While we all try to convince ourselves that we do not harbor stereotypes, we do. Whether founded in our experiences or perpetuated by media, there is a certain pre-conceived notion of how we understand each other as fellow human beings, and yes, also as men and women.
This notion shapes our understanding of the community in which we live, and the way in which we engage with one another, it sets our boundaries, and our limitations, it confines us to an identity that we may not necessarily see ourselves in.
We challenge that notion. To break through the glass ceiling, we need to have a discussion, and honest reflection on privileges, differences, and our common understanding of each other.
UN Women, in partnership with PROMUNDO conducted the first International Men and Gender Equality Survey (IMAGES) in the Middle East and North Africa region, surveying 10,000 men and women in Lebanon, Egypt, Palestine and Morocco. We asked them about stereotypes. We asked them what they do in the home, we got personal and asked about violence, about their relationships with their spouse and their children.
What we found were women who perpetuate stereotypes, women who do not have faith in their ability to lead, or that of other women to lead. We found men who do their share of household chores, men who would love the opportunity to have paternity leave. We found men who identify as being vulnerable, depressed, who feel pressure to behave in a certain way but cannot. We found men who did not identify that they are violent towards their spouse, and women who said they experience a significant amount of violence.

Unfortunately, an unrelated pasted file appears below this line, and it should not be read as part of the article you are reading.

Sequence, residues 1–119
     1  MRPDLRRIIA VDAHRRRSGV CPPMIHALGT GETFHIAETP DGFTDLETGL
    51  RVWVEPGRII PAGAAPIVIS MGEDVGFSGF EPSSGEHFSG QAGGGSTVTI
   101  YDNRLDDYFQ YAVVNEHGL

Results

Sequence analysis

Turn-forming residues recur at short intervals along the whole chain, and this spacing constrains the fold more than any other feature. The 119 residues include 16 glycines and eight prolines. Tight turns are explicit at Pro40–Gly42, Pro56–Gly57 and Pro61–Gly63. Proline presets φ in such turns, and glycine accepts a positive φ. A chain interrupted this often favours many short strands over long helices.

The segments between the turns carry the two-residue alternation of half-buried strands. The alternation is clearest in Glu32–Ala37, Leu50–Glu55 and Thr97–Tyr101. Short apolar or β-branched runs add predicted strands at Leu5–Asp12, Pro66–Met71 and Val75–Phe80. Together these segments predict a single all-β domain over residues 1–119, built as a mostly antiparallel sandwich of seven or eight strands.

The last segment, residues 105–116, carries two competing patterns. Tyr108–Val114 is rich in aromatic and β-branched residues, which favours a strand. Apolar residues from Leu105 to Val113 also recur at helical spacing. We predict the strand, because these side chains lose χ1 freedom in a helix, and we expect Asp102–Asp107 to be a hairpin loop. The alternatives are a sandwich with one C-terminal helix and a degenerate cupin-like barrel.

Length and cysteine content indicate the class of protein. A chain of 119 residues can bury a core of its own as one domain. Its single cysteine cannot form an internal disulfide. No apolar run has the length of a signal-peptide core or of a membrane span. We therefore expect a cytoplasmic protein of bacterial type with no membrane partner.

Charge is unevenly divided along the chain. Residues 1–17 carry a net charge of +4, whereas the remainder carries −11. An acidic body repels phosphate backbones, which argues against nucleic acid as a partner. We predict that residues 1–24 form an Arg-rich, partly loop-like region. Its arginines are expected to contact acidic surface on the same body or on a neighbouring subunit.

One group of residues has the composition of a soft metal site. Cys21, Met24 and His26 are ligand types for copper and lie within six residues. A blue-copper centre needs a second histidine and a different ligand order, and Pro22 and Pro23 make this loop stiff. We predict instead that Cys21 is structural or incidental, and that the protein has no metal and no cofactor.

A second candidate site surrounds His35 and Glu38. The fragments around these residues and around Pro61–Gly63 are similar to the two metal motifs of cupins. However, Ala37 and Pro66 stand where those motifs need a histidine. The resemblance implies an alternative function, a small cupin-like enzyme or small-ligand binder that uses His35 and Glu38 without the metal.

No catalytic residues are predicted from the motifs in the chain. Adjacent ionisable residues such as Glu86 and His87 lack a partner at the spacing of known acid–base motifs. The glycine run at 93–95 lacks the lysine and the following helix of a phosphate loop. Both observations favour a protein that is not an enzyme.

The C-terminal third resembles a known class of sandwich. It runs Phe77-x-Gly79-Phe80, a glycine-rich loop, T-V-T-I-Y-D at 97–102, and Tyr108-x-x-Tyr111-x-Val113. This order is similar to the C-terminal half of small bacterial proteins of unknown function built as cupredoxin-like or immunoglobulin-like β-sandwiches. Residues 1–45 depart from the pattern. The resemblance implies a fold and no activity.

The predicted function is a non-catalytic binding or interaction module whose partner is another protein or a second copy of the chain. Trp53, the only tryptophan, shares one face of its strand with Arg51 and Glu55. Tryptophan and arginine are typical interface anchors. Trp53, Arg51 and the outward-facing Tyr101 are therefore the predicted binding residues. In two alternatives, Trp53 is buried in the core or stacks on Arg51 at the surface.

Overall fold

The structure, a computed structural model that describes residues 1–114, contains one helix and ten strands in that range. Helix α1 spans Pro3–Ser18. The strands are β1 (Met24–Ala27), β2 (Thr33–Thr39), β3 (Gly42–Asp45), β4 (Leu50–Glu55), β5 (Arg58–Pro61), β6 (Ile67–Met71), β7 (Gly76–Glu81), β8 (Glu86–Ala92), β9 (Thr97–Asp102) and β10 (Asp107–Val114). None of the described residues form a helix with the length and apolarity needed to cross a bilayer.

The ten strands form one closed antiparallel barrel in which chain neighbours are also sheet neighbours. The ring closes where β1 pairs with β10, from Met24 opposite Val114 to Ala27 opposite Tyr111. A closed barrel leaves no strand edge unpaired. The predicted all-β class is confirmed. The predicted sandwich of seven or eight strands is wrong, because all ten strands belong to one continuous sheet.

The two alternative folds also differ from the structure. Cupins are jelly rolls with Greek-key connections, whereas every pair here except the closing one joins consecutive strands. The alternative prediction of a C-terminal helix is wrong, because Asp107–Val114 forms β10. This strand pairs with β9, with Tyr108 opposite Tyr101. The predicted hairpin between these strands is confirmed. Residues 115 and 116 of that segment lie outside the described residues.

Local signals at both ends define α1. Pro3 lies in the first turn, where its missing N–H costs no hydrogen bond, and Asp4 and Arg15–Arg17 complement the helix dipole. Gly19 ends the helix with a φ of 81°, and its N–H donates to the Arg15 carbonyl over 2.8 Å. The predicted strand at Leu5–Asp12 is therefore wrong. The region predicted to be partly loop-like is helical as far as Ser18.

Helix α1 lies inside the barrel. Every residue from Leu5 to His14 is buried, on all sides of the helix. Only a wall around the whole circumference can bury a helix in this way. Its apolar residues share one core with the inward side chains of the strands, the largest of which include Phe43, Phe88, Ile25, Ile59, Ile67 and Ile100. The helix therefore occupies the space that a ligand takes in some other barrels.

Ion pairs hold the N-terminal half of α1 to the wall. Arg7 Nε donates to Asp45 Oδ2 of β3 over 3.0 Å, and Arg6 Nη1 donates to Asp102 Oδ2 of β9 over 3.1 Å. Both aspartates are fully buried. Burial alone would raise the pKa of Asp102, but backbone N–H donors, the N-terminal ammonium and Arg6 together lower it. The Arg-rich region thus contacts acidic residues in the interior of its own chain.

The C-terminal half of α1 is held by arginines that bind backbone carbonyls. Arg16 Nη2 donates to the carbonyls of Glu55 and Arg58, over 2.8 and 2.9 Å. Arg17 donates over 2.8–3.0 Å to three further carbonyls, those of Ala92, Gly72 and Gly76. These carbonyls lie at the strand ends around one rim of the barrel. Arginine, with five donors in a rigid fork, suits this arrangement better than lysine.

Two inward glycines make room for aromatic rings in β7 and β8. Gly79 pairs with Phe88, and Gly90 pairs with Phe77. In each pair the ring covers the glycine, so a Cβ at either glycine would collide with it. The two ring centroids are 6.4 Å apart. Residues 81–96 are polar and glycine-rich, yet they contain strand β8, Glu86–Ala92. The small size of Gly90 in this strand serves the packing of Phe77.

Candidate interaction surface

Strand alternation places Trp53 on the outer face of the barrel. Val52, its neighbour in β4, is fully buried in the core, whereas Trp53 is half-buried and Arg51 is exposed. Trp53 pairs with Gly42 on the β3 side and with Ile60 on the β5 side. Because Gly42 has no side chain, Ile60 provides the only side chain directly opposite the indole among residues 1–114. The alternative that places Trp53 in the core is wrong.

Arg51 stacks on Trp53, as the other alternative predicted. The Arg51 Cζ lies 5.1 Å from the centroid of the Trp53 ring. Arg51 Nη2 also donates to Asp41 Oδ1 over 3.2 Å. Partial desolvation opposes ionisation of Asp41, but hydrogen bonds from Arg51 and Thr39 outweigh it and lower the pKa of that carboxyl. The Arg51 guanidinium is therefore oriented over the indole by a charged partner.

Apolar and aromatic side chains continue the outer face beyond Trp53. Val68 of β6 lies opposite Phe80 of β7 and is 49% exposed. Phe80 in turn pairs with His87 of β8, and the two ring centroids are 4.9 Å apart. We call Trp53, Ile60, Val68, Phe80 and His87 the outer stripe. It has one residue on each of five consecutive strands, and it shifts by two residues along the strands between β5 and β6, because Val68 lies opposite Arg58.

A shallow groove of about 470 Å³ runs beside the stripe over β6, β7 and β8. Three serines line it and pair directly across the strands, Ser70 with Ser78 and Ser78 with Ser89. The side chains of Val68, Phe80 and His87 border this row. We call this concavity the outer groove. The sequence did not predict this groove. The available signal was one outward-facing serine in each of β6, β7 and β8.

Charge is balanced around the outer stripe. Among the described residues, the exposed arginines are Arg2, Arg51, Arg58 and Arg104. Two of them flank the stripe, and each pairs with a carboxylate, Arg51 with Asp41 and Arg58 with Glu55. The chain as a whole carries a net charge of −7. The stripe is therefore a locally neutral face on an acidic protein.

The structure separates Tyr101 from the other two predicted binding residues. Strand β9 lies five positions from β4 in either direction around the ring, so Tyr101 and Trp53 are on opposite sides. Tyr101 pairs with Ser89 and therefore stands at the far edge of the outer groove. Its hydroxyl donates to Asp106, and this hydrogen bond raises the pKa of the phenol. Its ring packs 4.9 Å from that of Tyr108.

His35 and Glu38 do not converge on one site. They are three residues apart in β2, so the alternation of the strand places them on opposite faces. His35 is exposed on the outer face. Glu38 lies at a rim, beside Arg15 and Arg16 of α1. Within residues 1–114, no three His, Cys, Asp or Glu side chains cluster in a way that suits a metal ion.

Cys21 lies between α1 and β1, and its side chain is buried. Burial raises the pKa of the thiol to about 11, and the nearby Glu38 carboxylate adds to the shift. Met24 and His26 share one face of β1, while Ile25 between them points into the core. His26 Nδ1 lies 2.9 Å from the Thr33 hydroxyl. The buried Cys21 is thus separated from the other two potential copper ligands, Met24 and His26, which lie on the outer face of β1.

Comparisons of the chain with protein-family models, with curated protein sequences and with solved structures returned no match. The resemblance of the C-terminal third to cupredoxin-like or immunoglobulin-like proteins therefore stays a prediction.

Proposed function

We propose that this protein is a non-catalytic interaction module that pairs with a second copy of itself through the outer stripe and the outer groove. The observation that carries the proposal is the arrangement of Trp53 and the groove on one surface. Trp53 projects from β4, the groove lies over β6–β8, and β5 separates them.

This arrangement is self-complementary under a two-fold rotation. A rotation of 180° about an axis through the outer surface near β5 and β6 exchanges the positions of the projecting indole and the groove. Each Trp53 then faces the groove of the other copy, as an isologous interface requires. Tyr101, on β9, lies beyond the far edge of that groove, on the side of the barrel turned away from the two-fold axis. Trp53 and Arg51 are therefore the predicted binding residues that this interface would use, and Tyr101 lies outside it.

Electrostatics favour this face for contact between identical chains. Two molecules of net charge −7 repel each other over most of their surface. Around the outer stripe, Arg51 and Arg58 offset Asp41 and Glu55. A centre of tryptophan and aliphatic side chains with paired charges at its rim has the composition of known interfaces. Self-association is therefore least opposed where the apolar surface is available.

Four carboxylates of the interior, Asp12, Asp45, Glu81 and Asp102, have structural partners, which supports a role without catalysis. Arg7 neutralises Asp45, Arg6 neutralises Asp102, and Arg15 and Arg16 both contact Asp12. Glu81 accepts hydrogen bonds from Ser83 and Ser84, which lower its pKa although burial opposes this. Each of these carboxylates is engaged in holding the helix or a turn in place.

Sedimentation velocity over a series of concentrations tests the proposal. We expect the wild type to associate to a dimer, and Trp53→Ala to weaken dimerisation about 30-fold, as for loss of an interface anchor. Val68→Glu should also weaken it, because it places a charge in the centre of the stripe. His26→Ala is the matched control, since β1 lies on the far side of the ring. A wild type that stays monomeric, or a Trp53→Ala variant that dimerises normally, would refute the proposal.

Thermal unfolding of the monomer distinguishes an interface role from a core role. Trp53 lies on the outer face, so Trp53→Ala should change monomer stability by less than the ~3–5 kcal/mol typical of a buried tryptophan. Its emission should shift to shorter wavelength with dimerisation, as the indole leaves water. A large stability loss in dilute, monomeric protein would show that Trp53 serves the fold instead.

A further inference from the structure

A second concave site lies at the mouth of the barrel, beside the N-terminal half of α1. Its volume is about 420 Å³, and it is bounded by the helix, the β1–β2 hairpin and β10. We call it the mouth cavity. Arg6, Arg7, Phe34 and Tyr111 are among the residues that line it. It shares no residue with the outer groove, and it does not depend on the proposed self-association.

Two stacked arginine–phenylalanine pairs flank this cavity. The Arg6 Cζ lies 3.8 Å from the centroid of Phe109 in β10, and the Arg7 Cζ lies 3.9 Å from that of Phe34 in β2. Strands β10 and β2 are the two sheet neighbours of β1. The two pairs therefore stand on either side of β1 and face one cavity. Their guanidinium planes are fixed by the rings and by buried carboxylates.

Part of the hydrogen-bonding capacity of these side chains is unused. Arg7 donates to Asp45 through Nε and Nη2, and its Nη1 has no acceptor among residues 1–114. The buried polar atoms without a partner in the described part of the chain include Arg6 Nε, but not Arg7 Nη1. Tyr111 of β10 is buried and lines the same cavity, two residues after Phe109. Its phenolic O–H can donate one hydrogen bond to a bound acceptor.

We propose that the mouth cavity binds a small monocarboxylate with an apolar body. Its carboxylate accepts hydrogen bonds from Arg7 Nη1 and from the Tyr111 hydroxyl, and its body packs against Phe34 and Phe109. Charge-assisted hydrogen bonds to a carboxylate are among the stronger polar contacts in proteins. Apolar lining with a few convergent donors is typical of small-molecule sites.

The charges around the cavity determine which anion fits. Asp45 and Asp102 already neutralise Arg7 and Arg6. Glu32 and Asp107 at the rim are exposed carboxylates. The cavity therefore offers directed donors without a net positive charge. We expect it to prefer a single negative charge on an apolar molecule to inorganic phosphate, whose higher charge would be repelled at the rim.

We found evidence of the stereotypes we harbor, and we found evidence of what we know, that women and men are individuals first and foremost. They are, in some cases, a product of a pre conceived notion of an identity, and in some cases they have bought this notion and are themselves perpetuating it. This was clear in the overwhelming response around the role of women, where a majority of men and women, identified a woman´s role as being in the household. Yet at the same time, more than half of the men surveyed agreed that a woman should also be able to work outside the home.
We are now able to address stereotypes to open a discussion, we have identified men who challenge these every day, men who are willing to publicy have this conversations - and that is a start to break down the barriers that confine us all to a very narrow identity.
We have started a conversation on a topic that many said could not be touched in the four countries - masculinity, we have seen the possibilities that emerge when people are simply given the space, not as men or women, but as individuals, to be heard; and we have found that there is no common definition or identity. Rather, there is a shared humanity. Starting the conversation is often the hardest part, and that is what this survey has done; now we will keep it going, and continue to give women, and men the space to speak up and to challenge stereotypes they have been assigned.